Studies - 1993 Cohort

The 5.249 participants of the 1993 Birth Cohort were very important for the development of health research in Brazil. With the willingness of all these people, the scientific community gathered important information about different phases of the participants' lives, from their habits and their mothers' health during pregnancy, their development as children and their first adolescence features, to their health as young adults.

CPE is very grateful to the collaboration of all mothers who, a little after their childbirth, accepted to answer a lot of questions to the researchers, and allowed that their newborns were tested for measuring and weight analyses.

More than the collaboration that those mothers gave to the researchers at the hospital, they also gave their addresses and, with no immediate benefit, they have received the researchers a lot of times during many years in order that the researchers could follow their children's development.

All the available time provided by the mothers and by the own participants, and all the work that the researchers had to find those almost six thousand families along 30 years, are nowadays worth for the scientific knowledge that is available for the population.

Check out some data from the 1993 Birth Cohort


  • 5.249 births of alive babies.

Mother's age:

  • Mothers were from 13 to 48 years old.
  • 17,4% of all mothers were less than 20 years old.
    The maternal age was proportional to the family income, so that mothers with a higher family income were 4,3 years older than poorer mothers.

Babies Sex:

  • 49,7% of female neonates.
  • 50,3% of male neonates.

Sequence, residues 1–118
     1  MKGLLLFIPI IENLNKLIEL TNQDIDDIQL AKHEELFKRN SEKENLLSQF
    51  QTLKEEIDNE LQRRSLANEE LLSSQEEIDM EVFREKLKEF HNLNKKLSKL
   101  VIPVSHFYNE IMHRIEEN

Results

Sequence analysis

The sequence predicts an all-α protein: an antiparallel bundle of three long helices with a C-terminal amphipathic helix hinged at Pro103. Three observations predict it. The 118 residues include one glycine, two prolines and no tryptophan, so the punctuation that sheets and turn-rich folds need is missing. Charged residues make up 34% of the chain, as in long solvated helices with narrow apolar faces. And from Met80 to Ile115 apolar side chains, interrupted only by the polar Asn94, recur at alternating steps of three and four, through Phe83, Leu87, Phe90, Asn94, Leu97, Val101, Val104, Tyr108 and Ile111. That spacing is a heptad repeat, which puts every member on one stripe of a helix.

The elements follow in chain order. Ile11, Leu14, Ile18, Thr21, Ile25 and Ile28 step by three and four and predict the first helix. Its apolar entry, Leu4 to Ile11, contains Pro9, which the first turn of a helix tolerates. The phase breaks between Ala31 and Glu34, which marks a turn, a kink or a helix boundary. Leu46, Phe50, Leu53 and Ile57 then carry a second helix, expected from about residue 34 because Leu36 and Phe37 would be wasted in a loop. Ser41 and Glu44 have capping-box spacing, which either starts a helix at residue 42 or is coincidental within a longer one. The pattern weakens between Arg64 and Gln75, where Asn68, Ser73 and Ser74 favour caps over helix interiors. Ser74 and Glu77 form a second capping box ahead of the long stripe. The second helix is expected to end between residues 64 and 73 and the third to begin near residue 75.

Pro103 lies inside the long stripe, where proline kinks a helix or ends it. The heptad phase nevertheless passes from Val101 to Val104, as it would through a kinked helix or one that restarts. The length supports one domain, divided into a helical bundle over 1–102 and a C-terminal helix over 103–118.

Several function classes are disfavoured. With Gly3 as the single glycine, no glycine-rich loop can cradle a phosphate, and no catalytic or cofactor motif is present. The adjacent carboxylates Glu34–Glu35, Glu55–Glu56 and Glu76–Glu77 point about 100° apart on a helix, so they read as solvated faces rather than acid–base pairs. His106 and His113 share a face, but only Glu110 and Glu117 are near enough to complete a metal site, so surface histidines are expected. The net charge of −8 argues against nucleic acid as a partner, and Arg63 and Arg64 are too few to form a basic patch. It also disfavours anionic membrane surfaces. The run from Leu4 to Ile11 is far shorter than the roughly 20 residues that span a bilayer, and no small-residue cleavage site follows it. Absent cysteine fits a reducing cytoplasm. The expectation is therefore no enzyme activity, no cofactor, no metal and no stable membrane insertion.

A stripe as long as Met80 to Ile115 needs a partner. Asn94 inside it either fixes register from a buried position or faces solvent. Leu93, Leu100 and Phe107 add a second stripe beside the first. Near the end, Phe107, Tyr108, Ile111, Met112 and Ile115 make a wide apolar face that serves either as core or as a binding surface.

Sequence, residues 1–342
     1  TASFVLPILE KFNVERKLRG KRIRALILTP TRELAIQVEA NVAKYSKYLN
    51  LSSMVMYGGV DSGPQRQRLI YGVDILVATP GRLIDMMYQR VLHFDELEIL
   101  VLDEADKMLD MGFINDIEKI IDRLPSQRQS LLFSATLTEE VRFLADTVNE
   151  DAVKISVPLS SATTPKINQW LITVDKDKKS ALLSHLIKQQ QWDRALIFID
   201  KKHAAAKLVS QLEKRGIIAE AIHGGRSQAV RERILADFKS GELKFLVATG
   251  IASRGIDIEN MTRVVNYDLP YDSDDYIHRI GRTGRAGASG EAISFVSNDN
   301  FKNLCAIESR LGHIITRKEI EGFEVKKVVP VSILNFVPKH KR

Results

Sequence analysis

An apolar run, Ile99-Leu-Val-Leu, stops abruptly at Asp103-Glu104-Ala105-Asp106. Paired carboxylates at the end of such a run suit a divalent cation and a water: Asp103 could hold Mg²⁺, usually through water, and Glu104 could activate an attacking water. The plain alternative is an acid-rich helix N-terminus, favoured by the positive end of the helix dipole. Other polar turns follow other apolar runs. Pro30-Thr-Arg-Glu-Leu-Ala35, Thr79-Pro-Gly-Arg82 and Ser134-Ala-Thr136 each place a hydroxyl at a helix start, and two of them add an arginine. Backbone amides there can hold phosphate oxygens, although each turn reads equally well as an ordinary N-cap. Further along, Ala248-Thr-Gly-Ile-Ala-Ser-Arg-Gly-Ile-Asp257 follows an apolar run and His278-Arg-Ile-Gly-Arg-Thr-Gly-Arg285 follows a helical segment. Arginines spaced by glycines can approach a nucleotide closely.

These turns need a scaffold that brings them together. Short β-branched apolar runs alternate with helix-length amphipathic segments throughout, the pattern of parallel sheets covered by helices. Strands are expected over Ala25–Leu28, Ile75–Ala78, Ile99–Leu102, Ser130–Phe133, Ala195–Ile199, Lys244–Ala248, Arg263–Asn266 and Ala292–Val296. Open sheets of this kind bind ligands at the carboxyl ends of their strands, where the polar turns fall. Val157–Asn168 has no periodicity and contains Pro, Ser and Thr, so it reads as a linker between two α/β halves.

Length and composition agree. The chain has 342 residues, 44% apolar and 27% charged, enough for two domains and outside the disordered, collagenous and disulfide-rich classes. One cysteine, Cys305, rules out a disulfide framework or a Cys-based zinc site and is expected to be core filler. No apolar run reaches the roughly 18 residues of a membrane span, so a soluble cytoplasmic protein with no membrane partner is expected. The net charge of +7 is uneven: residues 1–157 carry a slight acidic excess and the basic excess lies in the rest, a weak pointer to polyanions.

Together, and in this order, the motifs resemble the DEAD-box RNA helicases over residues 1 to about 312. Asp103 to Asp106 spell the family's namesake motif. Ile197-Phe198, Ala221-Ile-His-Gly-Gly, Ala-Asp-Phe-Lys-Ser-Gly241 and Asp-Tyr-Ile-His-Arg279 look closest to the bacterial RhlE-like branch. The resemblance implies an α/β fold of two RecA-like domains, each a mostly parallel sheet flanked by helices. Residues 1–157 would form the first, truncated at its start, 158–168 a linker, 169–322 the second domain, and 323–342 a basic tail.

• 30,5% of the mothers had a cesarean.
    Cesarean is a medical operation in which an opening is cut in a woman's body to take out the baby when the natural childbirth is not possible or safe.


  • 55,6% of the richer women had cesarean.
    It was observed that the high-risk women had less medical attention and care during their pregnancy and parturition than low-risk women.

Birth weight:

  • According to the World Health Organization (WHO), the birth weight is the most important factor for the child survival. Low birth weight babies (less than 5,5 pounds at birth) have more chances of getting sick or dying than babies with an adequate birth weight. Of the 5,249 births, there were 510 low birth weight babies.


  • 97% of the children were breastfed.
  • 30% of the babies were breastfed at the age of 6 months.
    It is known that non-breastfed babies have 30% more chances of dying in their first year life. The World Health Organization (WHO) recommends that children are breastfed until they are, at least, 6 months old. The breastfeeding may continue until they are 2 years old.


  • 33,4% of all mothers have smoked during their pregnancy.
    Smoking mothers' babies had a low birth weight rate bigger than non-smoking mothers' babies. It is known that low birth weight may cause the death of newborns.


  • Of the 5.249 births, 111 babies have died in their first year of life.
    Child mortality was 6,6 times bigger among the poorer than the richer participants. It was found that the highest risk of death occurs until the children are a year old. Owing to this, attention to children' health during this period must be reinforced by parents and doctors.

Update your information

If you are part of the researched 1993 Birth Cohort group, please update your information in order that we may find you for the next research stage.



If you have doubts about any research stage, please, contact us. We would be glad to help you.

Nome: Deise Veleda Modesto

Fone: (53) 3284-1321 | Ramais 362

Email: coorte1993@gmail.com


Epidemiology Postgraduate Program- Centre of Epidemiological Research